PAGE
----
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Federal study could shed light on common cruise ship illness

Researchers all over the country are scrambling to learn more about the cruise ship illness human norovirus. A $25 million grant to research foodborne illnesses has been divided up among a number of research groups throughout the country, including universities and hospitals.

While many people are familiar with food bacteria such as E. coli, the big culprit of food poisoning, noroviruses, goes relatively unknown. Known as the "cruise ship virus" in news headlines, noroviruses are often the cause of food poisoning symptoms, including nausea, diarrhea, vomiting, and, on occasion, fever.

Norovirus outbreaks, while typically known to occur on cruise ships, can also occur in hospitals, nursing homes, schools and daycares. Little is known about noroviruses, and those who have received a portion of the grant money are going about research in different ways. Studying the virus can be difficult because it typically does not survive outside of the human body.

One researcher intends to focus on detecting the virus and developing methods to stop the virus from spreading. Other teams hope to educate food producers, processors and handlers about ways that noroviruses are spread, emphasizing safe food handling and preparation.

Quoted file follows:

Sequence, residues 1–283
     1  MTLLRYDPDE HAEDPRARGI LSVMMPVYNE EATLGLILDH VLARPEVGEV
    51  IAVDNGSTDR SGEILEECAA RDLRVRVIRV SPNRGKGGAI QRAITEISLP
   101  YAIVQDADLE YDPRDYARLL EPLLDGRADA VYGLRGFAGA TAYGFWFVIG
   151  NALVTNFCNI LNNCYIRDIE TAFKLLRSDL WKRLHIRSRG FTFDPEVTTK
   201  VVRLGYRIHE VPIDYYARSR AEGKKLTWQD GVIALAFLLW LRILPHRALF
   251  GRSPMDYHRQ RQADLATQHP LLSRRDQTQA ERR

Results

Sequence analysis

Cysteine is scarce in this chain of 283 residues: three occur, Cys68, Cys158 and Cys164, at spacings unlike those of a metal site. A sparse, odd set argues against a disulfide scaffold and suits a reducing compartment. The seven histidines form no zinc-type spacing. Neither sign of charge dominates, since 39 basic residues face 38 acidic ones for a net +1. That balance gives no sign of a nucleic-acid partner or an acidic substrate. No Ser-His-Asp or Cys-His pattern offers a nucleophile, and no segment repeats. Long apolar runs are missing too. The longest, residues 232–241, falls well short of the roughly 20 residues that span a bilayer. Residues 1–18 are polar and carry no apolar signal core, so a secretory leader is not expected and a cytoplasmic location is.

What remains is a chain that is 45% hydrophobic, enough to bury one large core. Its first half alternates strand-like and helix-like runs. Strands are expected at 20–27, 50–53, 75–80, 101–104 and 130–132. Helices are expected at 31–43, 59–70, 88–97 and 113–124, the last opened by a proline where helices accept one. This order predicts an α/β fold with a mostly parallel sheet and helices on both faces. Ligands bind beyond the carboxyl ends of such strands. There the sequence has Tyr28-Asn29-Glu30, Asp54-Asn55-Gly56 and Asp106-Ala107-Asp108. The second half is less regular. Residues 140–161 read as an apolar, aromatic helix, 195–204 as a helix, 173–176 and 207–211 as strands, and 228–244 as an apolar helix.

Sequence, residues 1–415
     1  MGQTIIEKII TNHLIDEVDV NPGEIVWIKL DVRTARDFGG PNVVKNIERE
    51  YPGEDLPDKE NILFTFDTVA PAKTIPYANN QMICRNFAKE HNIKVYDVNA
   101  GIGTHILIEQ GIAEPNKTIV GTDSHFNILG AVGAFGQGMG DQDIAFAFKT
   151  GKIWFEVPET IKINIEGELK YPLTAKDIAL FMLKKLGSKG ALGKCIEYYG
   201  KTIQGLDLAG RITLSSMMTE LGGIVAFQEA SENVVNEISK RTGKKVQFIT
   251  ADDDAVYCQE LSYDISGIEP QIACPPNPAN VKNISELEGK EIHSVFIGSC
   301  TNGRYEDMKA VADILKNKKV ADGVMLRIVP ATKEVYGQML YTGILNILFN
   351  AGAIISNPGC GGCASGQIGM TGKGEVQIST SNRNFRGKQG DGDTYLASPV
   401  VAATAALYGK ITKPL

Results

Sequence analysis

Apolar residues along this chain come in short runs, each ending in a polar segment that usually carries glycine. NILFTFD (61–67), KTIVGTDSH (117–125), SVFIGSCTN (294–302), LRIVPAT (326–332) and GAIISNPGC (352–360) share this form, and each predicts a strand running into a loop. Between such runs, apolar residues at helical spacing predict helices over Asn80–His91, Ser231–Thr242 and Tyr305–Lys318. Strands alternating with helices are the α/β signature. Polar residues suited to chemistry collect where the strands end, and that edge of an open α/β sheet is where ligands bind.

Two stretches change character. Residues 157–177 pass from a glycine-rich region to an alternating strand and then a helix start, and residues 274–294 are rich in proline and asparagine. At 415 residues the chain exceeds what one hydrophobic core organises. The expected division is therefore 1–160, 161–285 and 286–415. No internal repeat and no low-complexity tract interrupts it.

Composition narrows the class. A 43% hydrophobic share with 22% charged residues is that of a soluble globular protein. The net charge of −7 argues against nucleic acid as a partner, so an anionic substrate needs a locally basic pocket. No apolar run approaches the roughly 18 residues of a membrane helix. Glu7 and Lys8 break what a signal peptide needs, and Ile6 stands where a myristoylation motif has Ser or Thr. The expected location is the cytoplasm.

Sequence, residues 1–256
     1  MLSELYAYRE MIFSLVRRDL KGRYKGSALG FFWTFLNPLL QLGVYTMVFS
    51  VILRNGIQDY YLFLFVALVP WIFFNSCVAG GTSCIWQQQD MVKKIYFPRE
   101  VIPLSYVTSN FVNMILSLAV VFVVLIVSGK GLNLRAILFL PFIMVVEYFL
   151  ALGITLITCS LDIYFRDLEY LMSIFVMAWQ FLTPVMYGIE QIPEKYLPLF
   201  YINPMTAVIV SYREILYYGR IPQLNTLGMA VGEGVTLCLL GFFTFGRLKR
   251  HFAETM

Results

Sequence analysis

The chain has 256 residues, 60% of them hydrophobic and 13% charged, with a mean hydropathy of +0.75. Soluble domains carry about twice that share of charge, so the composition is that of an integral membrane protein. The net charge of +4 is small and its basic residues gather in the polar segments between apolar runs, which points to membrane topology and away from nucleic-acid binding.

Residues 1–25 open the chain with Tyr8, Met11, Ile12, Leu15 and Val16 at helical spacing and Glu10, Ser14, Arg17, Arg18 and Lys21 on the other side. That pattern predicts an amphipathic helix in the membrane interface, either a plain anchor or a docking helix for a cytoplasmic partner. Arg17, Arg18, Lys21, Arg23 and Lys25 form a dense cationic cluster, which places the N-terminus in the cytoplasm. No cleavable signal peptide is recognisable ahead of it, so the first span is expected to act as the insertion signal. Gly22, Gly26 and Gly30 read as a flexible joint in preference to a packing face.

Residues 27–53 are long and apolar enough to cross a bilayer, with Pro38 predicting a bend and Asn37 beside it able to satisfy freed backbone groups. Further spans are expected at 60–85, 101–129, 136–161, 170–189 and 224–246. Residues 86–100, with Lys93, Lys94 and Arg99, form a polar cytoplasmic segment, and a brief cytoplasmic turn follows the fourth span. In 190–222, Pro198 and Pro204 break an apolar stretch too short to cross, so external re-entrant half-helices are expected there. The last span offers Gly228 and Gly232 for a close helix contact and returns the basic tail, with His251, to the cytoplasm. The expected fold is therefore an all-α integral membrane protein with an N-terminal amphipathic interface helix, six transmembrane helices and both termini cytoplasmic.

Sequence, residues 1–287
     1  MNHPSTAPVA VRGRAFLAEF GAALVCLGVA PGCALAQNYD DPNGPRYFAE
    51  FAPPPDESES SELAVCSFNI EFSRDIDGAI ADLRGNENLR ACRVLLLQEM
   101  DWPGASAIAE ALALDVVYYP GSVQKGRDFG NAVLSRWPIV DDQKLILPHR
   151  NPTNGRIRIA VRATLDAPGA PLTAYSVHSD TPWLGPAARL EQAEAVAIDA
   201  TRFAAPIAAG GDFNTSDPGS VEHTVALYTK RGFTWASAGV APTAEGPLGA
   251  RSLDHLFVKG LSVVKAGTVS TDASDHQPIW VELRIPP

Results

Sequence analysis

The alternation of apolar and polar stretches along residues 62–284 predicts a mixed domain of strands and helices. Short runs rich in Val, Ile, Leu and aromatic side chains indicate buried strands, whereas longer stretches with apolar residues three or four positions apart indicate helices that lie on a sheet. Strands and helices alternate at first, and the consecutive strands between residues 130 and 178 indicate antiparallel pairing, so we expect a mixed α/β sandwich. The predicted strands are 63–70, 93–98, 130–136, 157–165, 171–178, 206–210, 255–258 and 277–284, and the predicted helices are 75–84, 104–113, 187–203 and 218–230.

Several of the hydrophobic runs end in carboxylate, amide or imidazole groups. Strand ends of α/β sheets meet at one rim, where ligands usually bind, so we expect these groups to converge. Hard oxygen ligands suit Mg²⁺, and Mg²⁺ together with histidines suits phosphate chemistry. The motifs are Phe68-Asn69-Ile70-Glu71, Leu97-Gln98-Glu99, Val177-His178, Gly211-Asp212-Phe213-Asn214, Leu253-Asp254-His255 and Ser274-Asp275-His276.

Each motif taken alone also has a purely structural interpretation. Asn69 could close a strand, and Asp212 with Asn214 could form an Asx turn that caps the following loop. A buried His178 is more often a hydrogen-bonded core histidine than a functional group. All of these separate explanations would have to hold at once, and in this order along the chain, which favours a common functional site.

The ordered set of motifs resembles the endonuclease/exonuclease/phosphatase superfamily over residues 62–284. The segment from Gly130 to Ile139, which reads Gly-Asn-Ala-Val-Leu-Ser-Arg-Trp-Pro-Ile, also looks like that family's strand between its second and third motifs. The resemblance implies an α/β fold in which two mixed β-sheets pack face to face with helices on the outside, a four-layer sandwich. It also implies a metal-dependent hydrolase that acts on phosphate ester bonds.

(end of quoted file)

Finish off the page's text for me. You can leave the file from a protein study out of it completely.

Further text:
But even with suggestions for cruise ship passengers, such as making sure to thoroughly wash your hands, the norovirus could still spread. Imagine being on a family vacation and suddenly coming down with the food poisoning symptoms. Being sick on a ship and far from immediate medical attention can be extremely painful.

Perhaps this study will give researchers a better idea of how to prevent these outbreaks, beyond encouraging good hygiene.

Source: Times-Herald: "UGA, others granted $25 million to study foodborne viruses," Sharon Dowdy, Aug. 23, 2011.

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